That is triple the proportion when the recession technically ended nearly three years ago, according to an analysis of data from the U.S. Bureau of Labor Statistics.
Recent increases in the minimum wage partly explain the rise, but the percentage of Georgians earning $7.25 an hour – and in some cases less – rose to 9.6 last year, The Atlanta Journal-Constitution reported. The national figure is 5.2 percent.
The figures suggest the sluggish economic recovery is not reaching the ranks of the working poor – and might be enlarging them.
William Bell, an unemployed trucker, once scoffed at jobs paying the minimum but says he and others have to survive somehow on the low wages being offered.
“Employers have the upper hand,” said Bell, 54. “We’re being offered crumbs. But at the end of the day, you’ve got to survive on those crumbs and put food on the table.”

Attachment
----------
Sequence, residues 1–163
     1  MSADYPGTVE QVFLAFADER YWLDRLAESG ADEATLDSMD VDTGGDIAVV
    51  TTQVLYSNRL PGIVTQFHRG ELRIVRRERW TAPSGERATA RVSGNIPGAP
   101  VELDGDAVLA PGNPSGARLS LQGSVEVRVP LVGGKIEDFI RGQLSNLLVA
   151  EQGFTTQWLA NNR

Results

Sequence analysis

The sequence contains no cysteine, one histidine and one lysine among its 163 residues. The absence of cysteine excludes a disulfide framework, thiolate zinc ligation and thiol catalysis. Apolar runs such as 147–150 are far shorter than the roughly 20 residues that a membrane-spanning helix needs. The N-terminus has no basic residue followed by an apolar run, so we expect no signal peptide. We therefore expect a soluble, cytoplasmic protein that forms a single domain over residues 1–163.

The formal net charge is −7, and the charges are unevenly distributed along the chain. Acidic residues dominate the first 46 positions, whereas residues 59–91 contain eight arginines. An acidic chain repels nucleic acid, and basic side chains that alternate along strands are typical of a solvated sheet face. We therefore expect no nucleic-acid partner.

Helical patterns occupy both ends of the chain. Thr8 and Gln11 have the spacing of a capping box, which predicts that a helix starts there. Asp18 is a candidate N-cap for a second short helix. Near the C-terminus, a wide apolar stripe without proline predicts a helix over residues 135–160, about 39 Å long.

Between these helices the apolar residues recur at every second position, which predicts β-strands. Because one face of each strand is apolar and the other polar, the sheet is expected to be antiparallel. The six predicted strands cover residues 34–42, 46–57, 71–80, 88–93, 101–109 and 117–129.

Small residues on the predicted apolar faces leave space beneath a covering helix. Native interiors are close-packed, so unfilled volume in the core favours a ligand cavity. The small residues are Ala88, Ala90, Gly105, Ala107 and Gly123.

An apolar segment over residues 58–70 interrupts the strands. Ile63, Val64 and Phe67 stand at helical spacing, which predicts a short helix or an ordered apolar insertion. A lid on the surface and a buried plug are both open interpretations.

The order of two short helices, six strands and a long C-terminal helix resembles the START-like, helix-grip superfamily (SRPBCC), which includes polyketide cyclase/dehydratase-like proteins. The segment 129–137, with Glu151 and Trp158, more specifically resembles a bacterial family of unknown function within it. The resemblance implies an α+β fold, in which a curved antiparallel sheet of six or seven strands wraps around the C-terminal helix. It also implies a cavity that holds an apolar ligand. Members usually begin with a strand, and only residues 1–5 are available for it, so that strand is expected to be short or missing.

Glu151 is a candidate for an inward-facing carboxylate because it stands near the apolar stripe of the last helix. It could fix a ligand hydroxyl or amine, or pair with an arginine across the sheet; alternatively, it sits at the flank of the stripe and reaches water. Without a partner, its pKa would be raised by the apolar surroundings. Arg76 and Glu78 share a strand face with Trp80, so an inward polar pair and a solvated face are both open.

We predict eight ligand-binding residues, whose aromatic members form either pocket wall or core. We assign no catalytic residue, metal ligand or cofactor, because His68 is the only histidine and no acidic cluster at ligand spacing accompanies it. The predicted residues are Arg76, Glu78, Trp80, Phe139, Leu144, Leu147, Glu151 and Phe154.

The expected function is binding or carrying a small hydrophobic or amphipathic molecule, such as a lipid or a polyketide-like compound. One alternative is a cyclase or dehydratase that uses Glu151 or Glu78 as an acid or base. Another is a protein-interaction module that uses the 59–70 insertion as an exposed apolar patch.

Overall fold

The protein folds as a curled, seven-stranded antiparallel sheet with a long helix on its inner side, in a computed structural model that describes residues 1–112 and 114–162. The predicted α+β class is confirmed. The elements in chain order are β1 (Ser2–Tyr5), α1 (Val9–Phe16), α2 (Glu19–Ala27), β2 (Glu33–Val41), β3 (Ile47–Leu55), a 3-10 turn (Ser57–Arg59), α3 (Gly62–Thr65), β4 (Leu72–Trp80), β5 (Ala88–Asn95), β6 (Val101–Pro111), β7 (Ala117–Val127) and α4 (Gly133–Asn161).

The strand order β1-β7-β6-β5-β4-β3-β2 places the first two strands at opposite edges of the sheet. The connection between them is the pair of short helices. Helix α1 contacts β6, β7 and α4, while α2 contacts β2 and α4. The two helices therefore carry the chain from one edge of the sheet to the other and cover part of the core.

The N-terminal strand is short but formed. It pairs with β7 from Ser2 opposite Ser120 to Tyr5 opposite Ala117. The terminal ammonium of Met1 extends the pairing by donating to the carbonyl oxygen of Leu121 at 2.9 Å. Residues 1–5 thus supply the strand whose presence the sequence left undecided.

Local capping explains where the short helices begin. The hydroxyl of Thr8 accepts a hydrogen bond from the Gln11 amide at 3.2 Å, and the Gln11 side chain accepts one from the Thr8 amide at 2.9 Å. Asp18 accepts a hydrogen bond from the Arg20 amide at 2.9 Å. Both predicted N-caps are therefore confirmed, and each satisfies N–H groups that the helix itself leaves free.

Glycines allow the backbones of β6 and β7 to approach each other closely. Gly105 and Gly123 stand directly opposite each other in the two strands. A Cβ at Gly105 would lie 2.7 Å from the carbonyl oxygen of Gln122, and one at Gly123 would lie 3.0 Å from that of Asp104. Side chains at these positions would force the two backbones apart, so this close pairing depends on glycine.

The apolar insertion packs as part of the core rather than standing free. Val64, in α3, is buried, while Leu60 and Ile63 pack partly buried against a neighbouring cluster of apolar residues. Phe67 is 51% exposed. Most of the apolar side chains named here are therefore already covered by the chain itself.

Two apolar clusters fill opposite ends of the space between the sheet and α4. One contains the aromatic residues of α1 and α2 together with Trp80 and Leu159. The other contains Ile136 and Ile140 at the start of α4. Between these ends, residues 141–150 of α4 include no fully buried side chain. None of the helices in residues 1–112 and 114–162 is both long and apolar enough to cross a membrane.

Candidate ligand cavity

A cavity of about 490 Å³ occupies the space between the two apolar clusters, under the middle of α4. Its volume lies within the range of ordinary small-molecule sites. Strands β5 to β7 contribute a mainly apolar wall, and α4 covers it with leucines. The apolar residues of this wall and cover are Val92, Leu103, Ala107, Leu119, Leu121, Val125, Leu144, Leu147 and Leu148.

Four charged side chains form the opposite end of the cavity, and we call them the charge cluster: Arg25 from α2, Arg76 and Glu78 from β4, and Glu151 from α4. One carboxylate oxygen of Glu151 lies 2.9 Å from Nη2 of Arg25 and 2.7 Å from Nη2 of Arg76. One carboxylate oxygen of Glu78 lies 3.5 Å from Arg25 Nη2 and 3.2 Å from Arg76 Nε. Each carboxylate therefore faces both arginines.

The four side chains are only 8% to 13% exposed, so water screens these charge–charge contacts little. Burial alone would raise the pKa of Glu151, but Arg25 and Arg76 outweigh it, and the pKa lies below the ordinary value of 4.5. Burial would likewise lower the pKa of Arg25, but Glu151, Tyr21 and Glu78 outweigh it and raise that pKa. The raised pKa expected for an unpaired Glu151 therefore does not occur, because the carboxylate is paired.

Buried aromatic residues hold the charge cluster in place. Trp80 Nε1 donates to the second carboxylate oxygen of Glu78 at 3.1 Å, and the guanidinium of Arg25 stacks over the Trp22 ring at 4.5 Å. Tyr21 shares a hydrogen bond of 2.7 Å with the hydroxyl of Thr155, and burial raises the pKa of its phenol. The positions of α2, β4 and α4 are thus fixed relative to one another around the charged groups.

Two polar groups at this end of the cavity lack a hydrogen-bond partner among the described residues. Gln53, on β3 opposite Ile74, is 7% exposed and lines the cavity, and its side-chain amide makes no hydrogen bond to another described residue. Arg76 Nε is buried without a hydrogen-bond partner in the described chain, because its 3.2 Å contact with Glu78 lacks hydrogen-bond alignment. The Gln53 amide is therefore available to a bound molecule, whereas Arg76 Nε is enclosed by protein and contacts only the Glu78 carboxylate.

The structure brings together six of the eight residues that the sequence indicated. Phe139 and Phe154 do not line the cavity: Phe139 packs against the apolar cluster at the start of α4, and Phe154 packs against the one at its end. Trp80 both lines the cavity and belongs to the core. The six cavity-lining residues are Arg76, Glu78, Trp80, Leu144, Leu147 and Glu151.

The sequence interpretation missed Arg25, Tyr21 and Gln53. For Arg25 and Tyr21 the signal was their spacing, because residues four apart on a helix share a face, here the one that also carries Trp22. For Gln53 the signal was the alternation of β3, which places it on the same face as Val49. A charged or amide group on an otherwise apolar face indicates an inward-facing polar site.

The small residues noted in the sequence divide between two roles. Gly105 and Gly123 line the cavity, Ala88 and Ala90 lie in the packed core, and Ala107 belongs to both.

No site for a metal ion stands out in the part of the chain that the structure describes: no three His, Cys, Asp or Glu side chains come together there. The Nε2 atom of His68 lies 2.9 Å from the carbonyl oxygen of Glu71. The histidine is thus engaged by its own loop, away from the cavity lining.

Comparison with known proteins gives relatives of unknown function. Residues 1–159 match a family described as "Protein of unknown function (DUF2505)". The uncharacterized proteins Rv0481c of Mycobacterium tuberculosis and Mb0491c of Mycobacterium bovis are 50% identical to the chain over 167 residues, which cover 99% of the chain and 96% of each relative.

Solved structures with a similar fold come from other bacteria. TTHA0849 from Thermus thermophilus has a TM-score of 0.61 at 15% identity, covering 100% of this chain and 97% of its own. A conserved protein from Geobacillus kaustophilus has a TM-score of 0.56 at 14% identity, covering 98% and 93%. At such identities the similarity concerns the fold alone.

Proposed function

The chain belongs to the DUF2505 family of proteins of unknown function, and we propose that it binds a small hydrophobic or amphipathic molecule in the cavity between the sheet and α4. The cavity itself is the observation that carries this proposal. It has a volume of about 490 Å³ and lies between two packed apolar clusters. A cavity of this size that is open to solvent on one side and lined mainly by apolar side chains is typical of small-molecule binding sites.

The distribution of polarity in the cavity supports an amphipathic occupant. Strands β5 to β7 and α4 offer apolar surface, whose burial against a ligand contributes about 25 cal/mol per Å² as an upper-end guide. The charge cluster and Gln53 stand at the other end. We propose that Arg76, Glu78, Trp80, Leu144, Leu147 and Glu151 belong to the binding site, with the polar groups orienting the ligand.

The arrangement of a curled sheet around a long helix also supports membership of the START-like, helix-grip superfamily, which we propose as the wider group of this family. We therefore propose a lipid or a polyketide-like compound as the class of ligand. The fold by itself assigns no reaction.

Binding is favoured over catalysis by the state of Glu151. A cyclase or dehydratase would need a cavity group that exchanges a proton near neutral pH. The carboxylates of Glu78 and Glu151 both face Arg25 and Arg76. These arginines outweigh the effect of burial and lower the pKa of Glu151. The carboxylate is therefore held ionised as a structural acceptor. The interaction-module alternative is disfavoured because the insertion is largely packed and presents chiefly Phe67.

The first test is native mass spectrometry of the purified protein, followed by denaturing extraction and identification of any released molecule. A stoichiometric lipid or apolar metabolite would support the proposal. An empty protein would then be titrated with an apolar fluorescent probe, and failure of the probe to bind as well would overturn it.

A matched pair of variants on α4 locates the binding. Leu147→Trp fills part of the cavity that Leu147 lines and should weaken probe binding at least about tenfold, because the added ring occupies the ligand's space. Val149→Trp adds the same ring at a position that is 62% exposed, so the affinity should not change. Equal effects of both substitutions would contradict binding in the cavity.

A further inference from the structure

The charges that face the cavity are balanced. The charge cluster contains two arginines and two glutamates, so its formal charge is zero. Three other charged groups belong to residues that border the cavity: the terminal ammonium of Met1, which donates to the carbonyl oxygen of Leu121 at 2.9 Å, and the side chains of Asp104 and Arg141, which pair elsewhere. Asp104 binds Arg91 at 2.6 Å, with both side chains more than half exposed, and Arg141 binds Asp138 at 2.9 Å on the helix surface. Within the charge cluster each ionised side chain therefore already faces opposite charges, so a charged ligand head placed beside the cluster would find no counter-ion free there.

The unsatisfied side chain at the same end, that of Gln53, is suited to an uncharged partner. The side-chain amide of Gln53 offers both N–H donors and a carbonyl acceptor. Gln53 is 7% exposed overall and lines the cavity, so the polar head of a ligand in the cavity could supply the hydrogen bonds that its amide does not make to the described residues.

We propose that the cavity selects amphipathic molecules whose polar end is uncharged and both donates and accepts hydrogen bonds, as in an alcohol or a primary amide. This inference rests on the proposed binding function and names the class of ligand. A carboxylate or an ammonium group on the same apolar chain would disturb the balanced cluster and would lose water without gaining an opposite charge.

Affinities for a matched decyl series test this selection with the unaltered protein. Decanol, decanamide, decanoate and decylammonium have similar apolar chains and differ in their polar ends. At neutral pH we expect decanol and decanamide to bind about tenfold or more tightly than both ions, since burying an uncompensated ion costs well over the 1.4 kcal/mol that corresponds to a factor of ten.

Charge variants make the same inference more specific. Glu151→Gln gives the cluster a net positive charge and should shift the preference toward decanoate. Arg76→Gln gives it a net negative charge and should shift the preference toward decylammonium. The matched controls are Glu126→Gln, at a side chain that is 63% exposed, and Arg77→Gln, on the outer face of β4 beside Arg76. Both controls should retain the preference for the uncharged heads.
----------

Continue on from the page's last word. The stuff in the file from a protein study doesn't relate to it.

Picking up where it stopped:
Georgia officials have long touted the state’s pay scale as a potent lure for labor-intensive industries, a financial incentive that has helped attract hundreds of low-wage businesses and factories over the years.
“Most small businessmen are big believers in the free market and wages, like anything else, will work themselves out,” said Kyle Jackson, the director of the National Federation of Independent Business in Georgia.
“Employers who are artificially paying their employees less than what the market dictates aren’t going to have good employees and successful businesses,” Jackson said.